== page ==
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CAR/FoxP3-engineered T regulatory cells target the CNS and suppress EAE upon intranasal delivery
Uppsala University, Disciplinary Domain of Medicine and Pharmacy, Faculty of Medicine, Department of Immunology, Genetics and Pathology, Clinical Immunology. Uppsala University, Science for Life Laboratory, SciLifeLab.
Uppsala University, Disciplinary Domain of Medicine and Pharmacy, Faculty of Pharmacy, Department of Pharmaceutical Biosciences.
Uppsala University, Disciplinary Domain of Medicine and Pharmacy, Faculty of Medicine, Department of Neuroscience, Neurology.ORCID iD: 0000-0002-7045-1806
Uppsala University, Disciplinary Domain of Medicine and Pharmacy, Faculty of Medicine, Department of Immunology, Genetics and Pathology, Clinical Immunology. Uppsala University, Science for Life Laboratory, SciLifeLab.
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2012 (English)In: Journal of Neuroinflammation, ISSN 1742-2094, E-ISSN 1742-2094, Vol. 9, 112- p.Article in journal (Refereed) Published
Abstract [en]

BACKGROUND:

Multiple sclerosis (MS) is an autoimmune disease of the central nervous system (CNS). In the murine experimental autoimmune encephalomyelitis (EAE) model of MS, T regulatory (Treg) cell therapy has proved to be beneficial, but generation of stable CNS-targeting Tregs needs further development. Here, we propose gene engineering to achieve CNS-targeting Tregs from naive CD4 cells and demonstrate their efficacy in the EAE model.

METHODS

CD4+T cells were modified utilizing a lentiviral vector system to express a chimeric antigen receptor (CAR) targeting myelin oligodendrocyte glycoprotein (MOG) in trans with the murine FoxP3 gene that drives Treg differentiation. The cells were evaluated in vitro for suppressive capacity and in C57BL/6 mice to treat EAE. Cells were administered by intranasal (i.n.) cell delivery.

RESULTS

The engineered Tregs demonstrated suppressive capacity in vitro and could efficiently access various regions in the brain via i.n cell delivery. Clinical score 3 EAE mice were treated and the engineered Tregs suppressed ongoing encephalomyelitis as demonstrated by reduced disease symptoms as well as decreased IL-12 and IFNgamma mRNAs in brain tissue. Immunohistochemical markers for myelination (MBP) and reactive astrogliosis (GFAP) confirmed recovery in mice treated with engineered Tregs compared to controls. Symptomfree mice were echallenged with a second EAE-inducing inoculum but remained healthy, demonstrating the sustained effect of engineered Tregs.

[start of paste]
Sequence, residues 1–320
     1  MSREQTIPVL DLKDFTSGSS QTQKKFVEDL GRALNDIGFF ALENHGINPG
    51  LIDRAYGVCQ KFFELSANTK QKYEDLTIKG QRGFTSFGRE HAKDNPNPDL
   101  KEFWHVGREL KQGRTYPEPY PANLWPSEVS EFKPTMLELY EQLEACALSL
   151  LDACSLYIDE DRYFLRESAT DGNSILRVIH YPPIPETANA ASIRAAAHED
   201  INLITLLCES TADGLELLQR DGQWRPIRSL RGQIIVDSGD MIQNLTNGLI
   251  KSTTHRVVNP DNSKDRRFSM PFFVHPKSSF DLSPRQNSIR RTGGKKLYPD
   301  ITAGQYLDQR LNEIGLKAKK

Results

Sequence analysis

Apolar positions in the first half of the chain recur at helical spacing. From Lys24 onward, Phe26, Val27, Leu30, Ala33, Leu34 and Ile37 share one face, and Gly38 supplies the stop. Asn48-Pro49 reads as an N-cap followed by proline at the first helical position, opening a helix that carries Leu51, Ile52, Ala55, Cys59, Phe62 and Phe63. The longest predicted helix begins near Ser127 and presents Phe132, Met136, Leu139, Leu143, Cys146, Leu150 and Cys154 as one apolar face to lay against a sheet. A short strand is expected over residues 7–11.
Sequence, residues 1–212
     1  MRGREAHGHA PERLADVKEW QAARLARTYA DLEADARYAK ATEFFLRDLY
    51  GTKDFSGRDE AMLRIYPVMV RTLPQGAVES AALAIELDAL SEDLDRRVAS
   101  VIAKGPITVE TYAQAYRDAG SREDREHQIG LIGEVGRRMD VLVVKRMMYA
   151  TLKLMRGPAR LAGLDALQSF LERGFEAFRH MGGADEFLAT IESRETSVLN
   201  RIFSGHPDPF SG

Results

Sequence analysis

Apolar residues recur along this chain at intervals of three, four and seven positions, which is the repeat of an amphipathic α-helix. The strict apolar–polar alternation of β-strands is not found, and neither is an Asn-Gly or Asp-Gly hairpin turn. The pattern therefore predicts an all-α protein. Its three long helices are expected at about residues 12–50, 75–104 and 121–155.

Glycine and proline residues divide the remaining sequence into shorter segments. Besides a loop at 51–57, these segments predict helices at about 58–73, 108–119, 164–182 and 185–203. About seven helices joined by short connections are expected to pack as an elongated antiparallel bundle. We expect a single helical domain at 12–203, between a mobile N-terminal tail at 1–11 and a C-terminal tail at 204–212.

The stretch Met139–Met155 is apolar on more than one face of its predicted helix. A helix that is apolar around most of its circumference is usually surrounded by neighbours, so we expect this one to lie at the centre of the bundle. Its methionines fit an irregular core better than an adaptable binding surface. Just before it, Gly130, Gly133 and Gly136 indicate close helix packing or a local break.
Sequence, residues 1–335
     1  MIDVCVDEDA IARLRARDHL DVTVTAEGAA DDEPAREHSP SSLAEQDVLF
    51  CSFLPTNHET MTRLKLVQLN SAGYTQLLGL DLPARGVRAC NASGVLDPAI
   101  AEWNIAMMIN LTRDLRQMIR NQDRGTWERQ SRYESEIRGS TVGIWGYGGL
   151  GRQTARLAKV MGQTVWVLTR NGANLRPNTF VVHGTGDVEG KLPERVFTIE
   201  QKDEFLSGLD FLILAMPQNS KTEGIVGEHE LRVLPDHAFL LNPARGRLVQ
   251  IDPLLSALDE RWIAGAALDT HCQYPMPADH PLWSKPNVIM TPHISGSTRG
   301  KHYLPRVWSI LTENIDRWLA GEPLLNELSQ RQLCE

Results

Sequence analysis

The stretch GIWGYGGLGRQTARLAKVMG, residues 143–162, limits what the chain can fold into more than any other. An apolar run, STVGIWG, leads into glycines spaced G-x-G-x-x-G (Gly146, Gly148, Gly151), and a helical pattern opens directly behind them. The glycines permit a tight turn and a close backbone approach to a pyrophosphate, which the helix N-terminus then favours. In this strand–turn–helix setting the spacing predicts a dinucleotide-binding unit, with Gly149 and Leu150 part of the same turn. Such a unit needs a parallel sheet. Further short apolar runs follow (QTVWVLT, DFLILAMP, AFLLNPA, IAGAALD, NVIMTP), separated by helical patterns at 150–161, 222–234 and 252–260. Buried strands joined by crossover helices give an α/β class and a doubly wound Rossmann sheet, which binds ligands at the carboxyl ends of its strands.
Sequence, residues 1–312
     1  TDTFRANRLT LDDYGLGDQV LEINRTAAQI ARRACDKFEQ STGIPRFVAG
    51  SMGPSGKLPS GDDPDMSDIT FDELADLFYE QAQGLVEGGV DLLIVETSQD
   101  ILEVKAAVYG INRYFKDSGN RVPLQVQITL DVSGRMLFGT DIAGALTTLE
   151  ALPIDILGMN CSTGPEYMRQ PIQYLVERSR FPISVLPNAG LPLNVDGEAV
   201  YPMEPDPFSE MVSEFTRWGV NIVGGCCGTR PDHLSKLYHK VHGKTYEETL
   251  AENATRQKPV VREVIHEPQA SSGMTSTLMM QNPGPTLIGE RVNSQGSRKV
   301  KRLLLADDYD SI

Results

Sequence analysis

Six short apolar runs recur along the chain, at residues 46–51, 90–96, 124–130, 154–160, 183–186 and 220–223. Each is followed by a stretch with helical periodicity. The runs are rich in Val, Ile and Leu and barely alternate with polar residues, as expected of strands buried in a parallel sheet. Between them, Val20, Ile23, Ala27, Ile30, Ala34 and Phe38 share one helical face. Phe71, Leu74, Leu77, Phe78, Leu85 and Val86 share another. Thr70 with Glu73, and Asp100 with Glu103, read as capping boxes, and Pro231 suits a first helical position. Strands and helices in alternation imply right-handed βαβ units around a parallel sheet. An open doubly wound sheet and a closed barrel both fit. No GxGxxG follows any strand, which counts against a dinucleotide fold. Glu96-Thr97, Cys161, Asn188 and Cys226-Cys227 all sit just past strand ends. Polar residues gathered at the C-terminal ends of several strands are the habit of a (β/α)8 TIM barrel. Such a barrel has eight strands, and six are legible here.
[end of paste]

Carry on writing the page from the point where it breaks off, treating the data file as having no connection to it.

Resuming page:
CONCLUSION

CNS-targeting Tregs delivered i.n. localized to the CNS and efficiently suppressed ongoing inflammation leading to diminished disease symptoms.

Place, publisher, year, edition, pages
2012. Vol. 9, 112- p.
Keyword [en]
MS, redirected cells, T regulatory cells, EAE, FoxP3, myelin oligodendrocyte glycoprotein
National Category
Neurology
Research subject
Neurology
Identifiers
URN: urn:nbn:se:uu:diva-175383DOI: 10.1186/1742-2094-9-112ISI: 000307014500001PubMedID: 22647574OAI: oai:DiVA.org:uu-175383DiVA: diva2:531109
Note

De två första författarna delar första författarskapet.

Available from: 2012-06-05 Created: 2012-06-05 Last updated: 2017-12-07Bibliographically approved

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Fransson, MoaPiras, ElenaBurman, JoachimNilsson, BerithEssand, MagnusMagnusson, Peetra UBrittebo, EvaLoskog, Angelica Si
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